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  • Time to Trash the Outlook Security Administrative Package

Time to Trash the Outlook Security Administrative Package

Alexander Zammit

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Alexander Zammit has been developing server applications for over 15 years. Most of his works involve Exchange integrated applications, including a FAX server, a mail security product and anti-spam products.

  • Published: Jun 27, 2006
  • Category: Security
  • Votes: 3.7 out of 5 - 3 Votes
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Do you hate the Outlook Security Administrative Package (AdmPack)? Six years from the birth of the Outlook Security lockdown a new administrative interface is on the horizon.

The Outlook Security protection dates back to year 2000. The "I Love You" and "Melissa" viruses had just caused havoc all over the globe. Using the Outlook Object Model (OOM) the viruses spread by sending copies to all address book contacts.

Microsoft was under great pressure. The same Outlook extensibility used by various legitimate applications was also providing a window for virus distribution. Thus the Outlook Security update was born in May 2000 locking down these interfaces. This was made available as a patch for Outlook 98 and Outlook 2000. Thereafter it was included out-of-the-box with the Outlook releases that followed.

I am sure many of you have seen this dialog:

Outlook Object Model Warning

It alerts the user that an application is about to access the address book. The warning is part of the OOM lockdown protecting against automated address book access and email submission. The lockdown also blocked access to certain email attachment types such as executables and batch files. Finally it also raised the default internet security zone setting, restricting internet access through Outlook.

Whereas the update did a fine job in most cases, the lockdown did (and still does) interfere with the legitimate use of Outlook. Most commonly some users require access to blocked attachment types or need to use applications that collide with the OOM warnings. As an example, one such application is the MS Word Mail Merge functionality. On the other hand some want tighter security. Restricting access to more attachment types is often the most common requirement.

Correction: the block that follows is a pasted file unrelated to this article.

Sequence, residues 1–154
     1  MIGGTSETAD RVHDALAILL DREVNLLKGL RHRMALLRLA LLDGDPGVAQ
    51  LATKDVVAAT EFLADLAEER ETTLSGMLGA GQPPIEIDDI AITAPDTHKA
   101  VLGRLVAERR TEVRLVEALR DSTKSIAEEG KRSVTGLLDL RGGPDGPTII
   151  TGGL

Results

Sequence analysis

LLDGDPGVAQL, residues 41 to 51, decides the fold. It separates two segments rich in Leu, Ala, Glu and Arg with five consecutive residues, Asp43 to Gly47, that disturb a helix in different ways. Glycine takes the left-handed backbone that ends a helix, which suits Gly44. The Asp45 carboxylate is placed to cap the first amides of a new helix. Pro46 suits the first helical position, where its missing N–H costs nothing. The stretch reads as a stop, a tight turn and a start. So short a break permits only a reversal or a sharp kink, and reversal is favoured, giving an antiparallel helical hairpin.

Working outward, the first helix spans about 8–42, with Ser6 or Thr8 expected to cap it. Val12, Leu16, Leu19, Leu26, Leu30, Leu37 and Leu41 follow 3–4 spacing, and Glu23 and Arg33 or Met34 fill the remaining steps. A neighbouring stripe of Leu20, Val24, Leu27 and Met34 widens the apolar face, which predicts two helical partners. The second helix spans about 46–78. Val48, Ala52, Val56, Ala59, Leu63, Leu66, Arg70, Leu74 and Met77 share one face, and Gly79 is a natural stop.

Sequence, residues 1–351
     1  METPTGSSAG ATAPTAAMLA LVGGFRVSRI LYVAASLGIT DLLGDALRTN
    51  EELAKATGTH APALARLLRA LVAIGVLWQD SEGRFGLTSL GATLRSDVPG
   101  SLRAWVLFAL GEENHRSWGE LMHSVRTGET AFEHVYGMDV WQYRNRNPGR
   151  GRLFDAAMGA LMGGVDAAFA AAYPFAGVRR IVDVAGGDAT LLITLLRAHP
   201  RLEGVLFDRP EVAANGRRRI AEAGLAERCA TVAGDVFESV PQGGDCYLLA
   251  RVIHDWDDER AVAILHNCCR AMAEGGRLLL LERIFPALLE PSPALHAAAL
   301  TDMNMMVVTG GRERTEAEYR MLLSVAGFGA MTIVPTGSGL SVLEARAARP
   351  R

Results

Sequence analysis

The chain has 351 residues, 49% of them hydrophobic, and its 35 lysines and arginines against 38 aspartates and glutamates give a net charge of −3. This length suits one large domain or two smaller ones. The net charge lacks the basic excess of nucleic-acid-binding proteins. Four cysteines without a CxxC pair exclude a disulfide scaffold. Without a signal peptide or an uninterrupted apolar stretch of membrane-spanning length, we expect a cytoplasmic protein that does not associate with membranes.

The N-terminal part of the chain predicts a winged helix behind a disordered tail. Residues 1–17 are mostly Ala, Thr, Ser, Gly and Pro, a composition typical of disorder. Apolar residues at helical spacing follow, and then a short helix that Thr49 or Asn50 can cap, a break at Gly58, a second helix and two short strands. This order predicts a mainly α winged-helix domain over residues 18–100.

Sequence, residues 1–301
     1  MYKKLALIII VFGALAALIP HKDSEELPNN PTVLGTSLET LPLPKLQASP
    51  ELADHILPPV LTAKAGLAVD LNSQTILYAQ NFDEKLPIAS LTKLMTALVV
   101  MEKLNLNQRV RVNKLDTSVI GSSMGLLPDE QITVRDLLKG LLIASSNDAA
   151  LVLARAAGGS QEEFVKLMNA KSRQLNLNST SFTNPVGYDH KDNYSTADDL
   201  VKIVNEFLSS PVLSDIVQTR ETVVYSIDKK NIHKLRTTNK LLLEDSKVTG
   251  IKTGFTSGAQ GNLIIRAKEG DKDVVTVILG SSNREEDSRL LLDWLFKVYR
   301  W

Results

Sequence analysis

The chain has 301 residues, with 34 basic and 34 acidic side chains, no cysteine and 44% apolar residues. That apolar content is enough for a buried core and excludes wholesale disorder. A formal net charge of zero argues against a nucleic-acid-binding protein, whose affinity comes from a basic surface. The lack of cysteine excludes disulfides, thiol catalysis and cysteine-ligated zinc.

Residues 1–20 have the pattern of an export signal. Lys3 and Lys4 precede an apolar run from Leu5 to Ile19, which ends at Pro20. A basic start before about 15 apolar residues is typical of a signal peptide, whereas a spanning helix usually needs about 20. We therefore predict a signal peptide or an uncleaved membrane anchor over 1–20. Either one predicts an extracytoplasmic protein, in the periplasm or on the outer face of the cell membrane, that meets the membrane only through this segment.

Configuring the Outlook Security functionality is what normally leaves administrators down. The solution provided to Exchange organizations is certainly not administrator friendly and is to say the least patchy. To begin with an administrator is required to manually perform these steps:

  1. Download and copy AdmPack patch files
  2. Register COM objects
  3. Create a public folder and configure access permissions
  4. Install a Custom Outlook Form
  5. Perform a registry tweak on each client machine requiring customized Outlook security

Once all of this is done, through the form, the Outlook Security functionality may be configured. This is certainly not what an Administrator expects from Exchange, the leading enterprise email server.

Administrative Package Outlook Form

Microsoft made available this administrative patch from the Office XP Resource Kit download page. From here you can download the 'Outlook Security Features Administrative Package' Admpack.exe. The package contains all necessary files including readme.doc which takes you through the steps required to install the patch and configure the customized security settings.

Once you go through this procedure you are likely to join the club of those wondering how come a decent administrative interface is not available. So here comes the good news! With the upcoming Outlook 2007 the security settings are configurable through Group Policy. Using Group Policy also means these settings won't be tied to Exchange any longer.

It took us a long time to get to here. Finally here is a solution that will ultimately enable us to forget of AdmPack.

References

Microsoft to Deliver Major Outlook Security Solution To Help Protect Customers Against Computer Viruses

Office XP Resource Kit

User Comments - Page 1 of 1

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Scott M. Wright 3 Dec 2013 08:34
It would be nice if you make the exact same fix for Windows Live Mail (Account Edge for Windows)
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